By Bruce Parker | Vermont Watchdog
The irony of one of Vermont’s most influential and well-funded lobbying organizations speaking out against lobbyists and political funding may be lost on some. For others, it’s impossible to miss.
Last week in Burlington, Vermont Public Interest Research Group, or VPIRG, kicked off its summer canvassing campaign to urge Vermonters to oppose undue influence and money in politics.
The group’s campaign, “Taking on Big Money in Politics,” has enlisted about 55 college students to knock on the doors of 80,000 Vermonters. It’s calling for a ban on donations by corporations and wealthy individuals.
“VPIRG is supporting a plan that will rein-in the power of lobbyists, that will ban corporate contributions, that will demand more transparency from Super PACs, and that will amplify the voices of real citizens and real people in this state,” Paul Burns, executive director of VPIRG, said at a recent news conference.
Despite Burns’ appearance alongside students and Ben Cohen of Ben & Jerry’s, VPIRG’s dominance as Vermont’s largest consumer and environmental advocacy organization is hardly the work of college kids.
According to the group’s 990 tax forms from 2012, the combined revenues of VPIRG and the VPIRG Research and Education Fund totaled $1,500,619, nearly all of which came from contributions — not the penny ante kind.
The summer campaign itself reveals the group’s solid funding. According to VPIRG’s web site, canvassers stand to earn as much as $4,000 to $8,000 dollars for the summer job — a potential spend of $440,000.
As for reining-in the power of lobbyists, information from the secretary of state’s office shows VPIRG’s lobbying team is the largest in the state, fielding as many as 15 lobbyists over the past two years. By comparison, IBM employs 11 lobbyists, and Presidio, Vermont Electric Power Co., and the Vermont Workers’ Center all employ nine.
The 2013 lobbying pay for VPIRG’s influencers shows ample political influence at the Vermont statehouse: Paul Burns ($30,203); Lauren Hierl ($15,872); Falko Schilling ($15,349); Ben Walsh ($14,164); Elizabeth Edsell ($10,280); Colleen Halley Thomas ($8,220); Leah Marsters ($8,726); Taylor Johnson ($6,397).
According to John McClaughry, vice president of Vermont’s Ethan Allen Institute, VPIRG is a well-oiled political machine with a structure that allows it to skirt lobbying spending limits.
“VPIRG is two organizations — one is a 501(c)(3) and one is a 501(c)(4). The c-3 can elect to spend 20 percent of its money lobbying, but the c-4 has no restriction at all on lobbying,” he said.
“The c-4 can go out as they do to the grassroots and say ‘stamp out toxic waste’ or ‘stamp out money in politics,’ and get their email addresses and mobilize them to call their senators and representatives to vote for whatever bill VPIRG is peddling. That isn’t lobbying.”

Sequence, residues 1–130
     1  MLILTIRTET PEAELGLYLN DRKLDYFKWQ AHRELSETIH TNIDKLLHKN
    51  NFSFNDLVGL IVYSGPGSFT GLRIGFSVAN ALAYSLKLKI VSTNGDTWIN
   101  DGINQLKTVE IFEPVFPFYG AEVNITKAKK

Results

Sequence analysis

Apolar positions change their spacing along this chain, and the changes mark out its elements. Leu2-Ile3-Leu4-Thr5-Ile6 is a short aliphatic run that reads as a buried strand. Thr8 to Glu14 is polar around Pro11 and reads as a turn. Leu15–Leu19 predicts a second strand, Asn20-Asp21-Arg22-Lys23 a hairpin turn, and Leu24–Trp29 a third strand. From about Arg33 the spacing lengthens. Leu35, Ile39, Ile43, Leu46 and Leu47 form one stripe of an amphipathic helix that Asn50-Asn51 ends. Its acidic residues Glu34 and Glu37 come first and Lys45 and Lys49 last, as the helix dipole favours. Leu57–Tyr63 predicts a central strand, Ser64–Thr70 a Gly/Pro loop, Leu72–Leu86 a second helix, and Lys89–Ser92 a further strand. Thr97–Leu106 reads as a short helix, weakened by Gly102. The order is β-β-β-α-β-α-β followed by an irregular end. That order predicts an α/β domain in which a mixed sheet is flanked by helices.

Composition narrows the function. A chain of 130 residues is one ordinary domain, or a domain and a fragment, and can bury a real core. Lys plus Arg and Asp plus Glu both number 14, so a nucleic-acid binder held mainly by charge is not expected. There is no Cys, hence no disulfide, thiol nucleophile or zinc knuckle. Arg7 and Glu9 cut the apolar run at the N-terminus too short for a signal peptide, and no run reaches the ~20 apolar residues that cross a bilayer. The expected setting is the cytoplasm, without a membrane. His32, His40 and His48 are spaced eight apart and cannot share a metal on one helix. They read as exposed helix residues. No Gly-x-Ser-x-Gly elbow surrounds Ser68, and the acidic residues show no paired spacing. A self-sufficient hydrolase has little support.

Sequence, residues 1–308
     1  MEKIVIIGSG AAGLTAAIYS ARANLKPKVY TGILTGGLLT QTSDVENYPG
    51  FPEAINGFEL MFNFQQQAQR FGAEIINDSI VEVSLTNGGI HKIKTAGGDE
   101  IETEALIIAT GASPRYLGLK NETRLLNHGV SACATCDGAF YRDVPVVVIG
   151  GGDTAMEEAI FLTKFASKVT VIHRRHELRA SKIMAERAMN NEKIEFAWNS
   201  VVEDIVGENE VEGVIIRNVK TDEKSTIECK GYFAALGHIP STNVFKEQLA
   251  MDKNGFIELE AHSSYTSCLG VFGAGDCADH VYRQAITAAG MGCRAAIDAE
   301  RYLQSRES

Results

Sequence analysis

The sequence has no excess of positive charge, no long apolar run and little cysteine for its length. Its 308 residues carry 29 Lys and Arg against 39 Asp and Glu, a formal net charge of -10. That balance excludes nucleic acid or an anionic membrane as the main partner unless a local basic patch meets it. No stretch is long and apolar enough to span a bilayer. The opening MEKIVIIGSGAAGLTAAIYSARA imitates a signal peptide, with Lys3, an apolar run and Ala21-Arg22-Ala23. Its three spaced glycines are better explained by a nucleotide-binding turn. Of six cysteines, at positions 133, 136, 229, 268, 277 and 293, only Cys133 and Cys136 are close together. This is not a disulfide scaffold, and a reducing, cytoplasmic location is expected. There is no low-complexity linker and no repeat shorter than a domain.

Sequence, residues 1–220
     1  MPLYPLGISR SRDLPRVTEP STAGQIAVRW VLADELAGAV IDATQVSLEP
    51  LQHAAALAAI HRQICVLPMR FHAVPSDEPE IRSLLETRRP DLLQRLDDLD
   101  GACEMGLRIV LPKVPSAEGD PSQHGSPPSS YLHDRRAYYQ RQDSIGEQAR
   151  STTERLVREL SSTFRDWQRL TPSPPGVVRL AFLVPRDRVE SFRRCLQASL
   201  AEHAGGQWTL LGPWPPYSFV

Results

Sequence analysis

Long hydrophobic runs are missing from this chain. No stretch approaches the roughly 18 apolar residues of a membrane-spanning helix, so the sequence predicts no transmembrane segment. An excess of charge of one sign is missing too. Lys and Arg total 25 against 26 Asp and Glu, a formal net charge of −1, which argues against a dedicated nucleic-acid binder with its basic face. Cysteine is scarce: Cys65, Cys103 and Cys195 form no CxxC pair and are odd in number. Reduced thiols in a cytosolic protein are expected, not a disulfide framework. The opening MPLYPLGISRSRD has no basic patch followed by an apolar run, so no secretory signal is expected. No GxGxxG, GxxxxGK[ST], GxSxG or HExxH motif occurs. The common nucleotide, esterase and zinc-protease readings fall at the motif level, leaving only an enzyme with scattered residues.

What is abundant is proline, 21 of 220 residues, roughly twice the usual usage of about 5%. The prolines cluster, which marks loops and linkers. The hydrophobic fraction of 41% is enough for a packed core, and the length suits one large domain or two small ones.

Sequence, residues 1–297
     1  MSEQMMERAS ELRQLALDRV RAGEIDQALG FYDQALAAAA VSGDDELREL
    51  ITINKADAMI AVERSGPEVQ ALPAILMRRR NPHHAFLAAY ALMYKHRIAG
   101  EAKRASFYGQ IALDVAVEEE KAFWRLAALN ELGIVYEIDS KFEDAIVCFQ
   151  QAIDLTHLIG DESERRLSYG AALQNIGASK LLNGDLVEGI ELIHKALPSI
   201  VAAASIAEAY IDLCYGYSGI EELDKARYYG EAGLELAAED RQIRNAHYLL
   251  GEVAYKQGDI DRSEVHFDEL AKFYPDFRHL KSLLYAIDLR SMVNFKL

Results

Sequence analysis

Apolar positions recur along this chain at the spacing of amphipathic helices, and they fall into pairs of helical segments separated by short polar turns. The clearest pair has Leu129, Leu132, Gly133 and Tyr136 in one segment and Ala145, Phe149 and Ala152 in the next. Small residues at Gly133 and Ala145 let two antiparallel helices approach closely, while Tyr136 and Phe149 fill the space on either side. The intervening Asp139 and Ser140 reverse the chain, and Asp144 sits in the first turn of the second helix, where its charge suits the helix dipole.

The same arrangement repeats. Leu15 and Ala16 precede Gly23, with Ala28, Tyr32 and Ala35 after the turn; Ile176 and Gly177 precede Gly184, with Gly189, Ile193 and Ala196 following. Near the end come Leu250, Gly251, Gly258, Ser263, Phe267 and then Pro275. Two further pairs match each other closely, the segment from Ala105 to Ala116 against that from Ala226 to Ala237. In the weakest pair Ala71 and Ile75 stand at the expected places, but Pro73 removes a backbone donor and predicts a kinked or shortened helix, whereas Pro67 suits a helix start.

Despite the organization’s call for transparency, the group does not reveal its list of donors, nor the size of contributions.
However, VPIRG’s board of trustees reveals cozy ties with executives of the state’s top solar companies and wind farms — people who benefit directly from the group’s renewable energy advocacy.
VPIRG board member Duane Peterson is a co-president of SolarCommunities, Inc., whose solar-panel company, SunCommon, was controversially spun off from VPIRG in 2012. A Form D filing with the U.S. Securities and Exchange Commission lists SolarCommunities’ annual revenues between $5 million and $25 million.
VPIRG’s treasurer, Mathew Rubin, is president of East Haven Windfarm, a commercial wind energy business in the Northeast Kingdom, and of Spruce Mountain Design, a company that operates hydroelectric power plants in Vermont.
The group also has ties to David Blittersdorf, a former VPIRG trustee and founder of NRG Systems. Blittersdorf is now CEO of AllEarth Renewables in Williston.
“VPIRG was essentially a wholly owned subsidiary of David Blittersdorf. Their issue was subsidies for renewable energy,” McClaughry said.
“These guys who stood to make a bundle out of renewable energy mandates and subsidies were the guys that raised the money to fund VPIRG.”
According to McClaughry, VPIRG’s political activities directly benefit the renewable industry.
“To make that business pay, you need lots of subsidies like the feed-in tariff and a renewables portfolio standard to force the utilities to buy renewable power generated by all these partnerships — and at five times the price of power on the grid. It’s scandalous. I call this the ‘renewable-industrial complex.’”
With so many ties to renewable energy businesses, it’s little wonder VPIRG lobbied for the net metering bill, which benefits solar businesses in the state, while advocating regulatory actions that hamstring or shut down competing energy sources — as with the “Stop the Fracked Gas Pipeline” and “Retire Vermont Yankee” campaigns.
As last week’s news conference showed, VPIRG’s habit of using money-in-politics to get rid of money in politics causes messaging problems for group leaders and allies.
When Ben Cohen was asked how his millions differed from other people’s millions, he replied, “My money, and everybody’s money, is a problem.”
Likewise, when Burns was asked if he would denounce money put toward single-payer advocacy, he replied, “No … I’m not favoring in any of these proposals a restriction on the (financial) activities that are promoting ideas or bills.”
As for the 55 college students now canvassing the state, they are likely unaware of their role as field agents of renewable industry. They are aware, however, of their task to solicit new memberships for VPIRG, which comes through a minimum annual donation of $30.
Contact Bruce Parker at email@example.com